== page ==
Golwg 360 has carried two interesting reports - one on plans for a huge new Sainsbury's store in Haverfordwest, and the second on a speech given by Huw Lewis, Minister for Housing, Regeneration and Heritage in which he promises to restore town centres and seaside towns.
The Haverfordwest story is sadly typical of what has been happening elsewhere in South West Wales, with a large supermarket chain announcing plans to build a huge new store on the outskirts of a market town and promises to create lots of new jobs (500 in the case of Haverfordwest). Typical also is the reaction of the county council, in this case Pembrokeshire, with the council leader almost beside himself with joy ("very exciting proposal for the county and the town.....most encouraging that a leading supermarket group should have the confidence to commit to what could be a huge investment...."). All of that before so much as a planning application has been submitted (members of the planning committee take note - he's giving you a hint).
The site itself is owned by a property development company called Conygar, which is also planning to build 900 houses adjacent to the supermarket. Conygar appears to be particularly active in Wales, with other major developments in Fishguard and Holyhead.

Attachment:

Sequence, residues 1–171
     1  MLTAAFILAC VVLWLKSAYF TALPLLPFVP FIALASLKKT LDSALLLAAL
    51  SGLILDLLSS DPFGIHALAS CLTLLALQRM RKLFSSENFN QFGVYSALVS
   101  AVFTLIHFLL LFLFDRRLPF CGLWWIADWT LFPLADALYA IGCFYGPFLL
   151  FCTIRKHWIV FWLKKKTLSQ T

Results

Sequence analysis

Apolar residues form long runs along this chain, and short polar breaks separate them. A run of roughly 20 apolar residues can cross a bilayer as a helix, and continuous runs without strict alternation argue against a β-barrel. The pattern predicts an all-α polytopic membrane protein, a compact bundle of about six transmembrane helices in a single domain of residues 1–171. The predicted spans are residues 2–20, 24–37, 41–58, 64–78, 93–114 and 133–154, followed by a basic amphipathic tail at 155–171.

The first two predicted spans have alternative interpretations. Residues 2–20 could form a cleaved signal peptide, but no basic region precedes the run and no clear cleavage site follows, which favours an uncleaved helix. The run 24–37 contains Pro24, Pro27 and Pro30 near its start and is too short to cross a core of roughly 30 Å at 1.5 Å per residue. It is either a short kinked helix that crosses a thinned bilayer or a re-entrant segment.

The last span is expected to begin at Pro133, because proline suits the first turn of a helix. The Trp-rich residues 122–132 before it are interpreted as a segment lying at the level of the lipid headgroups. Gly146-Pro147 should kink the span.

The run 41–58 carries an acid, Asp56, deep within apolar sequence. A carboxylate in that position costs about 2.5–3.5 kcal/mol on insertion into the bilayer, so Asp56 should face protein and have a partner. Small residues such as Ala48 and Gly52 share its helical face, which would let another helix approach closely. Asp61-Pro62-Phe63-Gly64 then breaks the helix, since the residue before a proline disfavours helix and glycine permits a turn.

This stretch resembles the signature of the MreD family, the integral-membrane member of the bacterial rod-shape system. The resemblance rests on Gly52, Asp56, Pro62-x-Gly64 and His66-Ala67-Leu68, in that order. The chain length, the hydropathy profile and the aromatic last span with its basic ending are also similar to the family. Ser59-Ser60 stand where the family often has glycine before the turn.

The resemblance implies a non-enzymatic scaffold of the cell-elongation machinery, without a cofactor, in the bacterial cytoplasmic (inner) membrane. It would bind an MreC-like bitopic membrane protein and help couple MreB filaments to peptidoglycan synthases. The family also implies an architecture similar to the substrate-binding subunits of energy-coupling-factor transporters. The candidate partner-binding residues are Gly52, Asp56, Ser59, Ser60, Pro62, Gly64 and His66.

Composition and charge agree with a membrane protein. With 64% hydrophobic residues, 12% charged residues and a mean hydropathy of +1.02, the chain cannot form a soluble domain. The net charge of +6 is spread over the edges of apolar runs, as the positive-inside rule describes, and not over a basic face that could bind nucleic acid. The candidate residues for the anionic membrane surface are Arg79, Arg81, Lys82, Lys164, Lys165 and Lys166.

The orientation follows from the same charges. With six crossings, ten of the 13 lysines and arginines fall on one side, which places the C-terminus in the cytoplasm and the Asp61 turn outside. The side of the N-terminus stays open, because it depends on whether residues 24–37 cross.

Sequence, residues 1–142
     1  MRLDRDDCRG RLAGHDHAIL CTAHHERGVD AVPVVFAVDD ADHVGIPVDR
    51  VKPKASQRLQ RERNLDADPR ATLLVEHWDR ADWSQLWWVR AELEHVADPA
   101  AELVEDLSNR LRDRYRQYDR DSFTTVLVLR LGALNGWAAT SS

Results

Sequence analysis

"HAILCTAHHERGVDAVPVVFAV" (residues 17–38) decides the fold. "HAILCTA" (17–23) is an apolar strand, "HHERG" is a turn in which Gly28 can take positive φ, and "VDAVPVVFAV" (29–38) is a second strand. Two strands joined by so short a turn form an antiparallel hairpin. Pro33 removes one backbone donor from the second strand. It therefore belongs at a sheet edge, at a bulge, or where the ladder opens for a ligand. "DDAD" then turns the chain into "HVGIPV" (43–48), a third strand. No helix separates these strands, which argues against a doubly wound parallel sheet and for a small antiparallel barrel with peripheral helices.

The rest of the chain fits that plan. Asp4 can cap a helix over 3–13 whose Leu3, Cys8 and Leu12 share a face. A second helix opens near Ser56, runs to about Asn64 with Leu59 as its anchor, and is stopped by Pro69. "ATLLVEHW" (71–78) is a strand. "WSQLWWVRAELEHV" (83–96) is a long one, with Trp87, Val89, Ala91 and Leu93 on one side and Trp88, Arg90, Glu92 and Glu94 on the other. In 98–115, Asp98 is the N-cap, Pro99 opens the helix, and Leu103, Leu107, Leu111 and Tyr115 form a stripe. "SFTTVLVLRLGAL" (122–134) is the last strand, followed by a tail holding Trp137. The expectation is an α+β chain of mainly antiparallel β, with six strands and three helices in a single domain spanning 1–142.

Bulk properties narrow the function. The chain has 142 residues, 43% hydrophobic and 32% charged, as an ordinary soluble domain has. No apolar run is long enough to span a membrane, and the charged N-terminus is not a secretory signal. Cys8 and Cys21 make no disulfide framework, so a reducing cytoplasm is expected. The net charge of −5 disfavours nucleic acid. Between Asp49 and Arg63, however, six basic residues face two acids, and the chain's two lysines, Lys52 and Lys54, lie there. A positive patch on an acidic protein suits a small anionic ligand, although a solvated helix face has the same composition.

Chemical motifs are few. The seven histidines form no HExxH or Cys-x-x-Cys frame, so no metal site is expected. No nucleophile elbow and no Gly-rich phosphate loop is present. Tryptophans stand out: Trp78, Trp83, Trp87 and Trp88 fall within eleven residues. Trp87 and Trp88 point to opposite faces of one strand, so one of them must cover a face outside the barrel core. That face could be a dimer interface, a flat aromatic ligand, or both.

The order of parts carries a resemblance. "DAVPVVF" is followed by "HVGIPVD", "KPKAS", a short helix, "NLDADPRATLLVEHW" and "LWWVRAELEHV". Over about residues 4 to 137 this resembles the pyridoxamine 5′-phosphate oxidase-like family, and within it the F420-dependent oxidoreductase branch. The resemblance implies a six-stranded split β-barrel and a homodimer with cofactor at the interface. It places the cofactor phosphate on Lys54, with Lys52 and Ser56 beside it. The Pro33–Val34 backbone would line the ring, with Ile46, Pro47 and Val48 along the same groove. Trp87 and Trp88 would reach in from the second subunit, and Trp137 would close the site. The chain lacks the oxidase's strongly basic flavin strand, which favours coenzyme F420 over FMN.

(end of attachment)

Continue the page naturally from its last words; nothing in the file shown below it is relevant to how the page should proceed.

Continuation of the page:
A spokesperson for the council added that the council was not aware of any opposition to the development, although as BBC reporter Aled Scourfield quickly established the next day, the news has received a very mixed reception among local people. Perhaps the council should get out more, although with Conygar planning three major developments in the county, it is unlikely that the council will be in listening mode to any objectors.
For anyone who has not been to Haverfordwest for a while, you will be in for a surprise. A large new retail park has opened outside the town next to Withybush Hospital, with a Marks & Spencer, Boot's, Next and other big name stores. The effect on the town centre itself can easily be imagined. It might as well have been fire bombed.
So while local authority planning officers bang on and on about the sanctity of sequential development and their preference for retail development in town centres, you might wonder why they are so supportive of developments out of town everywhere you look.
Huw Lewis deserves praise for his plans, but he would be well advised to get his message across to the county councils first.